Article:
Amtrak opponents fear high-speed plans

OLD LYME, Conn. (AP) — This quaint shoreline community, proud of its role as a nursery of American Impressionist art, fears the destruction of its heritage if a federal proposal to someday run an East Coast high-speed rail line through its historic center becomes reality.

Residents of Old Lyme, population 7,600, have enlisted nearby communities in Connecticut and Rhode Island to stop a 50-mile portion of the proposed Northeast Corridor Future plan. They're awaiting a recommendation, possibly before the end of the year, from the Federal Railroad Administration on a "preferred alternative" route for a faster, modern Boston-to-Washington line.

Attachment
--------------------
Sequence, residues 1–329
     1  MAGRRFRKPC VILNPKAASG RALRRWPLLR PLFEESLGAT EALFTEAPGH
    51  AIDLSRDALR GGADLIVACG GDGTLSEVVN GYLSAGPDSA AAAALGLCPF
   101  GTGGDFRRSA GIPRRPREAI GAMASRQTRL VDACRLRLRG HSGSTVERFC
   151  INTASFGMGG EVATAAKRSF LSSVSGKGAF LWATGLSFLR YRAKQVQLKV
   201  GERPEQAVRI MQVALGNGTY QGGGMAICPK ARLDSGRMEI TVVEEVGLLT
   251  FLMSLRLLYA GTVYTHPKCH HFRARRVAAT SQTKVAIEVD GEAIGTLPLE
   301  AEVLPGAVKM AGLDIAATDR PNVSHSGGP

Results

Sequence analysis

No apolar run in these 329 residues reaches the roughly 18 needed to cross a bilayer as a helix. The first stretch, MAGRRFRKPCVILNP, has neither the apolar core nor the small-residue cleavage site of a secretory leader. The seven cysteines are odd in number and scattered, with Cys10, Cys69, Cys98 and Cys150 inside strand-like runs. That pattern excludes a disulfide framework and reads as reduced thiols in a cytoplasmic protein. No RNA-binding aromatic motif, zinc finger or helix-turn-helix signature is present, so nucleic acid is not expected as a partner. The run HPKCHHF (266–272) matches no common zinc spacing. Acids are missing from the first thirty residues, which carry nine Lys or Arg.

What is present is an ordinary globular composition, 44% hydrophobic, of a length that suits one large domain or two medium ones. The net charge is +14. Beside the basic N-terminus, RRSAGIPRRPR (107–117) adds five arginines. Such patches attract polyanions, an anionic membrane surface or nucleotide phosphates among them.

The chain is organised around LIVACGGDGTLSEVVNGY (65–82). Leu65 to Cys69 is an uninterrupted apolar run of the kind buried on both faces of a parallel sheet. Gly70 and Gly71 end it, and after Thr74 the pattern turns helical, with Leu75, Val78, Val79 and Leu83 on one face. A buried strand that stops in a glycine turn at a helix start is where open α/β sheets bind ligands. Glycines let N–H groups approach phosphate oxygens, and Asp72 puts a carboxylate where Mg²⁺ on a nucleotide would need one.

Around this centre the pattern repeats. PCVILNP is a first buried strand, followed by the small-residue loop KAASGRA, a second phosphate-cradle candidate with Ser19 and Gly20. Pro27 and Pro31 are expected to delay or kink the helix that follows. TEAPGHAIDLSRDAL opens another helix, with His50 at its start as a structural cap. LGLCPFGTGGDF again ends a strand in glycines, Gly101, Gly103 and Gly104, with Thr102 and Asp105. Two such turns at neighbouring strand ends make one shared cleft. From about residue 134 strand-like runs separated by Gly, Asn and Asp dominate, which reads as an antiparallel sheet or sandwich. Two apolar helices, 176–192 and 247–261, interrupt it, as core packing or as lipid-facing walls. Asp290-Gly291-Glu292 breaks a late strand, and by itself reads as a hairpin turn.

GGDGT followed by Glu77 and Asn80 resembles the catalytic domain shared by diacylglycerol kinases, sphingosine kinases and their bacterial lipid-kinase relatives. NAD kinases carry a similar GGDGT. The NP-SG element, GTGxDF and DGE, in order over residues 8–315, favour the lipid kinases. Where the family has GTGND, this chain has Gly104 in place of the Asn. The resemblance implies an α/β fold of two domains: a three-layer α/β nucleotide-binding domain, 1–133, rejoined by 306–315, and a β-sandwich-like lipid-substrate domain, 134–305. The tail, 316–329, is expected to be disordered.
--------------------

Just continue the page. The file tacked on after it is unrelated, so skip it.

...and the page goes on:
The proposal includes a bypass between Old Saybrook, Conn., and Richmond, R.I., that would run new high-speed Amtrak trains – in some places, on elevated tracks – through historic neighborhoods, an arts college, marshlands, commercial districts and tourist attractions, including the Florence Griswold Museum.

"I think this region, whether it's a tourist engine or just something worth preserving, it's worth the fight," said Gregory Stroud, an Old Lyme resident and academic who formed SECoast, a regional group leading the local opposition. It has enlisted the support of state and local politicians and is raising money to prepare for a possible legal challenge, depending on the Railroad Administration's recommendation.